Sony DNE-50 Editor
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SONY DNE-50 Editor

 

We need  a higher res.  copy of this or the orig brochure and any maint. docs.

We have one of these in the museum's collection!

 

 

Model Description:
Laptop Editor for SX Hybrid Recorder

Model Details

Portable editor offers graphical, time line editing capabilities with the Betacam SX Hybrid Recorders.Picture-based, nonlinear editing can be accomplished on-line, taking advantage of the "picture stamps" created with the Good-Shot marker during acquisitionAdding optional MO drive, the DNE-50 can be used for off-line editing of up to 40 minutes of material.



Features:

  • Compact Editing Package
  • Familiar, User-Friendly Interface
  • GUI Feature For Picture-Based Editing
  • Extended EDL
  • The DNE-50 is a compact, portable editing controller that can be used on location or anywhere in the field. Sony developed a unique combination of docking station and notebook PC. The docking station is equipped with a Jog/Shuttle dial and other basic features essential for precision editing. This notebook PC provides a simple graphical user interface with picture "drag and drop" control over non-linear editing operations.
  • The DNE-50 supports the Extended EDL system, which includes a pictorial representation of each edit IN/OUT point. Extended EDL is compatible with current Standard EDL, so EDL output from the DNE-50 can be read and used by editing controllers installed in existing systems. The EDL created by the DNE-50 are saved on 3.5-inch floppy disks.
  • The Graphical User Interface (GUI) of the DNE-50 was carefully designed for fast, picture-based and time line editing with full functionality. For ease of operation, design and layout of the GUI is uniform on all the Sony DNE-Series News Editors: the DNE-50, DNE-700 and the DNE-1000.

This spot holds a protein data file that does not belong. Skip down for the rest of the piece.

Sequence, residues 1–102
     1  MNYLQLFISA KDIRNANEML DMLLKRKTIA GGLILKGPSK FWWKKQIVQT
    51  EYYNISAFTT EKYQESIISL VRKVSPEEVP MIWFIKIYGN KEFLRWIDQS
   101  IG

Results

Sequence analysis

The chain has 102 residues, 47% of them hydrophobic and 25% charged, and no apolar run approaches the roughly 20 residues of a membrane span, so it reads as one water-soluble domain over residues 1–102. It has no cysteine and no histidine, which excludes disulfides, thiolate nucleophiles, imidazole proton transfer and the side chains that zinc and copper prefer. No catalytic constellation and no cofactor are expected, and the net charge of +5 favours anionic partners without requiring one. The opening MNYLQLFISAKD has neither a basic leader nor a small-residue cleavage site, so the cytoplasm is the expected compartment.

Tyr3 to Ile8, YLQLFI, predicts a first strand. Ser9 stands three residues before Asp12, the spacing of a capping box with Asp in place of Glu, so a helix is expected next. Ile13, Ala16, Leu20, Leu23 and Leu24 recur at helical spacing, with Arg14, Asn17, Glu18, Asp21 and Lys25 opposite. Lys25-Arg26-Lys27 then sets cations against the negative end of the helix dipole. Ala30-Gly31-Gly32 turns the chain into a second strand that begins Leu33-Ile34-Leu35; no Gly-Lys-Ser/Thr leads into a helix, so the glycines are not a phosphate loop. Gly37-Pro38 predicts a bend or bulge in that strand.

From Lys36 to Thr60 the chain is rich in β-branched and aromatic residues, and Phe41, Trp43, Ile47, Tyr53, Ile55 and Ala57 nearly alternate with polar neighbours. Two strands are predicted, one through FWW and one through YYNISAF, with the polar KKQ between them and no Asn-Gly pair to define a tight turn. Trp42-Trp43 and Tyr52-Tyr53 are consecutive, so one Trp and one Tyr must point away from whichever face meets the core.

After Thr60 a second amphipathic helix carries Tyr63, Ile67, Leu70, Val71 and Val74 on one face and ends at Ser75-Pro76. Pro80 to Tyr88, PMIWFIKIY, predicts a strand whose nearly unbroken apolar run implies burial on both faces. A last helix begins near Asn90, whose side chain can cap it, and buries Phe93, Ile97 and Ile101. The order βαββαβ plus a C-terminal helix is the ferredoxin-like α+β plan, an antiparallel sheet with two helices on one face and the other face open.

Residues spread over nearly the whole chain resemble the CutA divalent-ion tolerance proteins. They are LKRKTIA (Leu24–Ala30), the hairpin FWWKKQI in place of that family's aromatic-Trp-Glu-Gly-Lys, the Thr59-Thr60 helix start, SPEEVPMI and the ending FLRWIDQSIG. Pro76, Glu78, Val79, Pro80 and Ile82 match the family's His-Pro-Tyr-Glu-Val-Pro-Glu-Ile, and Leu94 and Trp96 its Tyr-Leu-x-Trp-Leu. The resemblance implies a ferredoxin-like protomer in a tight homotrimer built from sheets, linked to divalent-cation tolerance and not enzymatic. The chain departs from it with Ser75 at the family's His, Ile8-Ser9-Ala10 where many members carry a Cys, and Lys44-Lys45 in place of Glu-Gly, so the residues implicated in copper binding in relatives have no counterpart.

• For quick selection of scenes during editing operations, segments downloaded onto the hard disk drive of the DNW-A100/A50/A45 Betacam SX Hybrid Recorders are displayed on-screen as "rushes" by the DNE-50's graphical user interface. Rushes including picture stamps, Good Shot marks, or REC Start/Stop Marks recorded on Betacam SX camcorders are highlighted, and tedious searching through recorded material can be minimized. Source material can be viewed directly on the PC screen; disk and tape control can be executed from the Jog/Shuttle dial, function keys, and by using the computer mouse. In tape shuttle mode at up to 20 times normal speed, tape contents can be displayed on the PC display as picture stamps every five seconds. Edit points can be selected and downloaded onto the hard drive at up to 4 times real-time. This allows an editor to save valuable time by quickly reviewing the contents of a tape before editing begins. The Graphical User Interface of the DNE-50 offers several important advantages for quicker editing. Previously selected source rushes appear on screen in order. Rushes can be played back, and IN/OUT points can be accurately chosen using the computer mouse or Jog/Shuttle dial, providing a familiar VTR-like operating feel. In the OUTPUT program, edited rushes can be displayed in edited order -- and can be changed easily by drag-and-drop procedure.